Failures in Suicide Prevention

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The death of Robin Williams sparked shock, upset, and emotional turmoil in people throughout the world. How could someone who was so full of life take that very life? Since then, the topic of suicide and its prevention has made headlines left and right. Questions of what symptoms are associated with suicide, who can struggle with suicide, and how can we help a suicidal individual have all been asked over and over. With this much focus being put on saving the lives of those who are depressed enough to take their own, one might think that the healthcare system is following suit.

Unfortunately, that does not appear to be the case – yet.

A new bill is being pushed into being made a law out in California that would require all mental health professionals (such as therapists, psychiatrists, psychologists, and more) to undergo suicide prevention training. Currently, only two states out of 50 have laws that require this type of training – Washington State and Kentucky. The World Health Organization (WHO) reported this week that only 28 countries throughout the world had some form of suicide prevention method in place.

This law could not come at a more appropriate time, as the Centers for Disease Control (CDC) reported that 40,000 people a year are dying from suicide each year, which shows a dramatic increase since past years. In addition, the CDC also reports that the rate of suicide rose by 28% in the first ten years of the millennium.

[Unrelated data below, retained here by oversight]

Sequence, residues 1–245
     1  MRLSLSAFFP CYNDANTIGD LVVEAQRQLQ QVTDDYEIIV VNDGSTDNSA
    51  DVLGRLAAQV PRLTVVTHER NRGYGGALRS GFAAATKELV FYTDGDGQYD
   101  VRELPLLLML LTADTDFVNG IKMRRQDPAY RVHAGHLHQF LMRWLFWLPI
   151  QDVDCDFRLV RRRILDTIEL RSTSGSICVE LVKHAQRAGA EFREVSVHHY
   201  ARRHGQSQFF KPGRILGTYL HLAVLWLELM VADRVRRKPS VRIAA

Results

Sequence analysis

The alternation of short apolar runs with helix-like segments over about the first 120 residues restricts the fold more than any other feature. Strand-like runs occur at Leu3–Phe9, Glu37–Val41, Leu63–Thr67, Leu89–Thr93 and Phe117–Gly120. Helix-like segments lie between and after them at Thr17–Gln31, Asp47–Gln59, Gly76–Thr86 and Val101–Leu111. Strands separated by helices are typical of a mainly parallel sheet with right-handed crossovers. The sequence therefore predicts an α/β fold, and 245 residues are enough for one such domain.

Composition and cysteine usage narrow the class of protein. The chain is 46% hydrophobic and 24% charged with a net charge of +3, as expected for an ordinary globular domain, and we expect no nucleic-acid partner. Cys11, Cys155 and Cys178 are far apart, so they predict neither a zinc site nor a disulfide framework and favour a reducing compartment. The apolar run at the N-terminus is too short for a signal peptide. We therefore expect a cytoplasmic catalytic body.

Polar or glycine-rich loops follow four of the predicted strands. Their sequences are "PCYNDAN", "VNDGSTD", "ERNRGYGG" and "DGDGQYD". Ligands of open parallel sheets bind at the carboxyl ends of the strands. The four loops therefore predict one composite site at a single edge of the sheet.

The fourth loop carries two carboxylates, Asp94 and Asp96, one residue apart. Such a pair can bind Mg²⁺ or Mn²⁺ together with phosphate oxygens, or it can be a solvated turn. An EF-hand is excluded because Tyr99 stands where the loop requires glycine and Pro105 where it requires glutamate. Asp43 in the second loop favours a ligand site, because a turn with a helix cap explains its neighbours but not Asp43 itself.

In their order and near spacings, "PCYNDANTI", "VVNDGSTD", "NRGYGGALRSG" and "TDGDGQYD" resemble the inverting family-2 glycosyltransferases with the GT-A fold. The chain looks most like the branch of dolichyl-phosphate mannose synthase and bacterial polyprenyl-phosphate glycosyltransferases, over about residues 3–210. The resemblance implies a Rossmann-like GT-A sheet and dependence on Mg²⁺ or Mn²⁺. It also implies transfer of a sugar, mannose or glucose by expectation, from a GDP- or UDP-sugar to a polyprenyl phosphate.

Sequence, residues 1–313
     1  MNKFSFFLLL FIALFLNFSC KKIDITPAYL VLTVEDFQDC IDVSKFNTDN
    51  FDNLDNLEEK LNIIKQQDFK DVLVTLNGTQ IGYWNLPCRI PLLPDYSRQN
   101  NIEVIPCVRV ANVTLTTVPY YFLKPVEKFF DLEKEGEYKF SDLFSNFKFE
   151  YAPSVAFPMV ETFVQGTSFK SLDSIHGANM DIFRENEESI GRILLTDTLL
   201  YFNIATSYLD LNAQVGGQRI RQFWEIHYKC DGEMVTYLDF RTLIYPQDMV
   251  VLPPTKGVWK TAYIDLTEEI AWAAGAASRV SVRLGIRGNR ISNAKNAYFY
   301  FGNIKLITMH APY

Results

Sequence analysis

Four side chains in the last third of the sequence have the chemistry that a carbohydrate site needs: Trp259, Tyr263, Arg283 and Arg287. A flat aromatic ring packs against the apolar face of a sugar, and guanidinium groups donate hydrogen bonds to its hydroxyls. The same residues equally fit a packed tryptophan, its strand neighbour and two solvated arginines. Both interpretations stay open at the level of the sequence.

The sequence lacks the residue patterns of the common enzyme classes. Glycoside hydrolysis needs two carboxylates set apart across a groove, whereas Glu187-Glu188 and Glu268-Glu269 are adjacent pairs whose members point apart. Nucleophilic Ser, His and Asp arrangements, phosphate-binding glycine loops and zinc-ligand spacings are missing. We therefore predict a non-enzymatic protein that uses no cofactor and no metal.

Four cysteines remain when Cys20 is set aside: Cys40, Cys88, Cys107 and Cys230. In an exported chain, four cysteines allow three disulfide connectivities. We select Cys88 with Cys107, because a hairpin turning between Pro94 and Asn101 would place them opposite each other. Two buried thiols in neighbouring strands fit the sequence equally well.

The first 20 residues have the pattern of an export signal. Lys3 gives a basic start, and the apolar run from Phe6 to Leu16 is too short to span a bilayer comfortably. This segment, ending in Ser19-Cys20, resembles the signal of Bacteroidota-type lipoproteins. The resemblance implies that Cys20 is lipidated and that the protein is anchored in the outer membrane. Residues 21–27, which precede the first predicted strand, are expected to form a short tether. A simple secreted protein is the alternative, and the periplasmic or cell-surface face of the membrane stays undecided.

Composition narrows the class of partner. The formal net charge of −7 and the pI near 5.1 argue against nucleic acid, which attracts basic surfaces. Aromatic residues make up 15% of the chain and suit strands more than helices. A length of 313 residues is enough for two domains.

Throughout the medical and therapeutic community, suicide is known as a topic that is rarely spoken about or addressed, despite many patients who present with signs, symptoms and warnings of possibility being suicidal. However, with recent increases in rates of suicide (as well as the public eye shifting towards preventative methods), many in the field are pushing for more training to help save lives.

In California, this bill has already been passed by the State Senate and Assembly, and is just waiting to be passed by Governor Brown. If passed, medical and therapeutic professionals would be required to take six hours of suicide prevention training.

One assemblyman in California who helped pass the bill says that the training provided by the state would help provide education on risk assessment. In addition, the law would also come with a study that would help determine how effective this training is throughout the medical and therapeutic community.

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